|Directed by||Ingmar Bergman|
|Produced by||Allan Ekelund|
|Written by||Ingmar Bergman
|Edited by||Oscar Rosander|
|Running time||96 minutes|
Marie (Nilsson) is a successful but emotionally distant prima ballerina in her late twenties. During a problem-filled dress rehearsal day for a production of the ballet Swan Lake she is unexpectedly sent the diary of her first love; a college-boy called Henrik (Malmsten) whom she met and fell in love with while visiting her Aunt Elizabeth and Uncle Erland's house on a summer vacation thirteen years before. With the cancellation of the dress rehearsal until the evening Marie takes a boat across to the island where she conducted her relationship with Henrik and remembers their playful and carefree relationship.
Three days before the end of the summer when Henrik is to return to college and Marie to the theatre, Henrik falls and suffers injuries that result in his death after diving from a cliff face. Her Uncle Erland, not actually her relation but a friend and admirer of Marie's mother and now similarly smitten with Marie, takes her away for the winter and helps her to "put up a wall" to lessen the pain of losing her lover and effectively close her off emotionally. While visiting Erland's house she discovers that it was he who sent the diary to her at the theatre; he has had it ever since the day at the hospital when Henrik died from his injuries. She expresses regret and disgust that she ever allowed Erland to touch her, suggesting that he took advantage of her grief and they had an affair following Henrik's death.
Following the evening dress rehearsal, Marie talks with the ballet master, who recognises her single minded devotion to her dancing and understands her problems, and then to her current lover, a journalist called David, with whom she appears to be in the process of breaking up. Marie decides to let David read Henrik's diary and then open up to him about her past experiences in order to explain her conflicted feelings and emotional coldness. After he has left, she removes her make up and as she does so regains some of her lost youth and innocence, smiling again and pulling faces in the mirror. The film concludes during the successful first performance where we see Marie meeting David, now more understanding of Marie's past, in the wings. She happily kisses him and returns to the stage to finish the ballet.
- Maj-Britt Nilsson as Marie
- Birger Malmsten as Henrik
- Alf Kjellin as David Nyström
- Annalisa Ericson as Kaj, Ballet Dancer
- Georg Funkquist as Uncle Erland
- Stig Olin as Ballet Master
- Mimi Pollak as Mrs. Calwagen, Henrik's aunt
- Renée Björling as Aunt Elisabeth
- Gunnar Olsson as The Priest
The film was shot between 3 April and 18 June 1950 with Dalarö as a primary location. The animated sequence was made by Rune Andréasson, who would later become well known in Sweden for the cartoon Bamse.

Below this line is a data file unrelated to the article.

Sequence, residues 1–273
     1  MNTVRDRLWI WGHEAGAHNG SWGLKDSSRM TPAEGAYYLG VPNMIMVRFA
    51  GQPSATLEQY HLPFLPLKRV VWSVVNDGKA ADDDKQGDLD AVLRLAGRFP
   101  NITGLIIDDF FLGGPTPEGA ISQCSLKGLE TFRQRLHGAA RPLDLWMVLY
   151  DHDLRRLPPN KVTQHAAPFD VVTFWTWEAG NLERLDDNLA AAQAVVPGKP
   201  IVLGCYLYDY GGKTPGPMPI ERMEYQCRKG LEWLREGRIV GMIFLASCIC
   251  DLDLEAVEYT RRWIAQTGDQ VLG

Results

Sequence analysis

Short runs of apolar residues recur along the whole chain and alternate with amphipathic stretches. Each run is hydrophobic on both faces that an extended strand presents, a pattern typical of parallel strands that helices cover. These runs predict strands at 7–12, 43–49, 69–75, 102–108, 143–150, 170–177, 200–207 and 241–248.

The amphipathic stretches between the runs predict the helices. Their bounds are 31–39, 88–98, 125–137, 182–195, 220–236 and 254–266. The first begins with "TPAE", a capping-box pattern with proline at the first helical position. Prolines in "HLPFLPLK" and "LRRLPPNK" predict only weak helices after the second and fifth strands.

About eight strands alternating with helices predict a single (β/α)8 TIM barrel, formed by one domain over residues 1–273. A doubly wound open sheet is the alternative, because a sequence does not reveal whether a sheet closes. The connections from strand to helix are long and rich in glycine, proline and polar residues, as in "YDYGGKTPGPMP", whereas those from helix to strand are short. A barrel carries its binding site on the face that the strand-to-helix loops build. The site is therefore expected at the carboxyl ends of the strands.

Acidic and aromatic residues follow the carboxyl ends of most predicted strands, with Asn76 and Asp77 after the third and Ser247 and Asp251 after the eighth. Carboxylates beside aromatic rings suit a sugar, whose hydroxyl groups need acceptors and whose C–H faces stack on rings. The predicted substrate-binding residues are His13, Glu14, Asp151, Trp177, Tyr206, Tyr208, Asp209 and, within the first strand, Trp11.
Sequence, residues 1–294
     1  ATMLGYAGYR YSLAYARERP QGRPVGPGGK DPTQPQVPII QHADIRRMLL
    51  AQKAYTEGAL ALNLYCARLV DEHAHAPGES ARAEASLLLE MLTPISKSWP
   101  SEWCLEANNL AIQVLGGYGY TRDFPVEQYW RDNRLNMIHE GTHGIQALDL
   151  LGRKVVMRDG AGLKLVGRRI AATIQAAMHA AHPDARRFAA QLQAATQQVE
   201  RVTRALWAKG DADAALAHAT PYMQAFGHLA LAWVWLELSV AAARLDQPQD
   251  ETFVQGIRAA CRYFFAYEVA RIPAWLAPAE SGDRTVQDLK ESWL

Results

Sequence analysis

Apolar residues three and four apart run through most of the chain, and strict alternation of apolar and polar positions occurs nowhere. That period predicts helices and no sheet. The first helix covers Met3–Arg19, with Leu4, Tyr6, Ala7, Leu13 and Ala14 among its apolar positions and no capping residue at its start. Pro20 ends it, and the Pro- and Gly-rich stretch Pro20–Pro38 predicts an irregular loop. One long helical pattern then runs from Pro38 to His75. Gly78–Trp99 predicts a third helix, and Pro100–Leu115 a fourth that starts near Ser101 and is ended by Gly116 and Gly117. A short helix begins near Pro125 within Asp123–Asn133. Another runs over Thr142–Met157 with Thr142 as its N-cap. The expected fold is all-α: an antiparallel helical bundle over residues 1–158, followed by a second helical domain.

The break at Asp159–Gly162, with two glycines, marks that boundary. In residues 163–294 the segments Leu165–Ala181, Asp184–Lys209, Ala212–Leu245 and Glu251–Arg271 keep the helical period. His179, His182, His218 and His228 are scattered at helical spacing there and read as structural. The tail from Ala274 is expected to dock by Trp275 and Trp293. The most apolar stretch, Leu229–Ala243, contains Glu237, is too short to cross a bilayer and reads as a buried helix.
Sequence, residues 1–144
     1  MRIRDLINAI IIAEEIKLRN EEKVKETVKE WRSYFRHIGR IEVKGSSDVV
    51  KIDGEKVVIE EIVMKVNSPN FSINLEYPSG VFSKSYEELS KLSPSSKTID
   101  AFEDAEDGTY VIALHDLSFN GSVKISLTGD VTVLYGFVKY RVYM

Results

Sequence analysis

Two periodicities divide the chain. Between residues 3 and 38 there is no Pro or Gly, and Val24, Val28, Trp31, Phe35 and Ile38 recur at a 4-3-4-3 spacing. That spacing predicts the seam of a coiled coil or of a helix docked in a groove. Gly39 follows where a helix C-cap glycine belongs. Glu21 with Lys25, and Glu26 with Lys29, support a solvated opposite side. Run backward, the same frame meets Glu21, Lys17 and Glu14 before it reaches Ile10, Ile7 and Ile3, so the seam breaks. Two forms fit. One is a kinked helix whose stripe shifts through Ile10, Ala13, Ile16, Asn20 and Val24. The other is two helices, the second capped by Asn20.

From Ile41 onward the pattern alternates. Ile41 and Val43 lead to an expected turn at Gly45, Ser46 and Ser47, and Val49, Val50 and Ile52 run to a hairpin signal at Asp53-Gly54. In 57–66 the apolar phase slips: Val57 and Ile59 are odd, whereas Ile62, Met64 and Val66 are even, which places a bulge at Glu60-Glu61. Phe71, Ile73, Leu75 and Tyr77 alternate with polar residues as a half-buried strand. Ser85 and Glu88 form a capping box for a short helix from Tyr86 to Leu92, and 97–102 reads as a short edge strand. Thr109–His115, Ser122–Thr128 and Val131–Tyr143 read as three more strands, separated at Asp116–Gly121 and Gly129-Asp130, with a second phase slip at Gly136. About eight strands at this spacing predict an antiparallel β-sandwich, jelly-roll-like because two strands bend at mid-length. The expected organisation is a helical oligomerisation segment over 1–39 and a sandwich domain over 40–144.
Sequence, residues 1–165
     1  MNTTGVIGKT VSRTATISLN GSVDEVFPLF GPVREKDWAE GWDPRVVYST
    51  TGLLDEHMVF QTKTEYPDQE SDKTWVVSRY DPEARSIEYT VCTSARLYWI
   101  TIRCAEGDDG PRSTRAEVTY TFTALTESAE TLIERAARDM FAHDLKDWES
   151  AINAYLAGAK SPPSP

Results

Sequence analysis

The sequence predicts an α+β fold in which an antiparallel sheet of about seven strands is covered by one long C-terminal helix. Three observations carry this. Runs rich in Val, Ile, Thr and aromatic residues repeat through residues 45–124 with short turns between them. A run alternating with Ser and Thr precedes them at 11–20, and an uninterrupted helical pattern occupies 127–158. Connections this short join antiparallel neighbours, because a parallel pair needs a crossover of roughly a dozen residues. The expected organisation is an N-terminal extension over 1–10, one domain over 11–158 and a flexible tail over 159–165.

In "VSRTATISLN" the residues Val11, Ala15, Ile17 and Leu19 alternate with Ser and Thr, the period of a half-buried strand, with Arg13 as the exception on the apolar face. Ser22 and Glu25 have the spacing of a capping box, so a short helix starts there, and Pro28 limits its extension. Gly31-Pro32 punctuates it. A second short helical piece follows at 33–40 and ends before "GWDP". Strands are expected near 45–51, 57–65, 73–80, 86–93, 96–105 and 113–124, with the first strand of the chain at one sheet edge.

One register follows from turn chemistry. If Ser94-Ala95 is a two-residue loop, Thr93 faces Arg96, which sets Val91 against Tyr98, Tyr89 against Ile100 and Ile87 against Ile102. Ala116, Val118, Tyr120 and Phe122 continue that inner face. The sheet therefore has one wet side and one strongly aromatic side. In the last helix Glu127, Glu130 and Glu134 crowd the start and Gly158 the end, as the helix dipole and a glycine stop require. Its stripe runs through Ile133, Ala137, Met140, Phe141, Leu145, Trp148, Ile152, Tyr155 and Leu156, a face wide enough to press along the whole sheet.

Themes and commentary
|This section does not cite any references or sources. (March 2010)|
Many of Bergman's stylistic and conceptual themes were established in this early work, including the elegiac setting of summer (Smiles of a Summer Night); idyllic, youthful romance and the eventual loss of innocence (Summer with Monika), a loss of faith in God (Winter Light) as well as specific details fully expanded later; Henrik and Marie pick wild strawberries together, and Henrik's dying Aunt plays chess with a priest who states he visits her to better know death, which prefiguring the famous chess match between a knight and Death himself in The Seventh Seal. Visually there is also Bergman's frequently seen use of beautiful fluid black and white cinematography with slow cross fades.
Bergman said of his film in 1971, "I had always felt technically crippled—insecure with the crew, the cameras, the sound equipment—everything. Sometimes a film succeeded, but I never got what I wanted to get. But in Summer Interlude, I suddenly felt that I knew my profession." He wrote in the critical study Bergman on Bergman, "For me Summer Interlude is one of my most important films. Even though to an outsider it may seem terribly passé, for me it isn't. This was my first film in which I felt I was functioning independently, with a style of my own, making a film all my own, with a particular appearance of its own, which no one could ape. It was like no other film. It was all my own work. Suddenly I knew I was putting the camera on the right spot, getting the right results; that everything added up. For sentimental reasons, too, it was also fun making it."
"Ingmar Bergman's method of making film is miraculous.... He belongs to a handful here and there in the world who are now discovering the future articulation of film, and the result can be revolutionary." Stig Almqvist, Filmjournalen (1951).
"There are five or six films in the history of the cinema which one wants to review simply by saying, 'It is the most beautiful of films.' Because there can be no higher praise... I love Summer Interlude." Jean-Luc Godard, Cahiers du Cinéma, (July 1958).
"Bergman found his style in this film, and it is regarded by cinema historians not only as his breakthrough but also as the beginning of 'a new, great epoch in Swedish films.' Many of the themes (whatever one thinks of them) that Bergman later expanded are here: the artists who have lost their identities, the faces that have become masks, the mirrors that reflect death at work. But this movie, with its rapturous yet ruined love affair, also has a lighter side: an elegiac grace and sweetness." Pauline Kael
"Outstanding—film making at its best." Variety
"This is the picture that established Ingmar Bergman's international reputation. Although it still deals with the theme of young love that dominated his earliest films, it contains the first inklings of the dramatic intensity and structural complexity that would characterise his more mature work ****." Radio Times